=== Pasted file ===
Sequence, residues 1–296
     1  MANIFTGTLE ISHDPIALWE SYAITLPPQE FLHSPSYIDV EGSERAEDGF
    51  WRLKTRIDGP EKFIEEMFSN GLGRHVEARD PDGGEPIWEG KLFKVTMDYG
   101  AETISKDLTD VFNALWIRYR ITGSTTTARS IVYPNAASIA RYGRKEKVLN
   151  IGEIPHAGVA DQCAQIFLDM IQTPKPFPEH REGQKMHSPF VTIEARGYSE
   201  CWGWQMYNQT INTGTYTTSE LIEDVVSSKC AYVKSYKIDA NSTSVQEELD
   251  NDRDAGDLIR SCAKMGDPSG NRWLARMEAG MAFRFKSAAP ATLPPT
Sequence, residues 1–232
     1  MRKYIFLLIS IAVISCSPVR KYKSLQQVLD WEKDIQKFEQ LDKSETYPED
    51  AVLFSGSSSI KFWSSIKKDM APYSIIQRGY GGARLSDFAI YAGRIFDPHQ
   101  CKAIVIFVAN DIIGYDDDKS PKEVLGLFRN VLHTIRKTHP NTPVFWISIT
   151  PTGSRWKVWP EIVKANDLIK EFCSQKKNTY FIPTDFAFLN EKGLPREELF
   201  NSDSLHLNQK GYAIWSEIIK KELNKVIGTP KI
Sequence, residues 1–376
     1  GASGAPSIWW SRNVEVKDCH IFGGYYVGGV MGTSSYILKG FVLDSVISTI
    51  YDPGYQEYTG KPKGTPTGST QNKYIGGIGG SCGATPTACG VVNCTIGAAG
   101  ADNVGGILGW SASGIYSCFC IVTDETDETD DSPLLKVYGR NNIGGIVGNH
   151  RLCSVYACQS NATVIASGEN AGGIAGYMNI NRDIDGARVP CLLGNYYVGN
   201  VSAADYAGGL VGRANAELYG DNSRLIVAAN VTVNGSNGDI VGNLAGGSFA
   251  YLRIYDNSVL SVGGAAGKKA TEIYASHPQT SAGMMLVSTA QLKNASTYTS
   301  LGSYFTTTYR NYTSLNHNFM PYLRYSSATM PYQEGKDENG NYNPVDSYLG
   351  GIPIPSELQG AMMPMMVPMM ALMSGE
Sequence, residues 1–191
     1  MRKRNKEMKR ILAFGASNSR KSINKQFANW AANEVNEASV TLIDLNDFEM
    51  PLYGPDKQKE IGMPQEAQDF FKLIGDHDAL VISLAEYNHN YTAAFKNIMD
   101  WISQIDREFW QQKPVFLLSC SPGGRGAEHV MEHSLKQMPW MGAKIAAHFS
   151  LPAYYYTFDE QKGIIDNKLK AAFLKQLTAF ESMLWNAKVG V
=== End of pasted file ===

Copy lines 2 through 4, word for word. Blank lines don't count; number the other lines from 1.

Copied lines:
     1  MANIFTGTLE ISHDPIALWE SYAITLPPQE FLHSPSYIDV EGSERAEDGF
    51  WRLKTRIDGP EKFIEEMFSN GLGRHVEARD PDGGEPIWEG KLFKVTMDYG
   101  AETISKDLTD VFNALWIRYR ITGSTTTARS IVYPNAASIA RYGRKEKVLN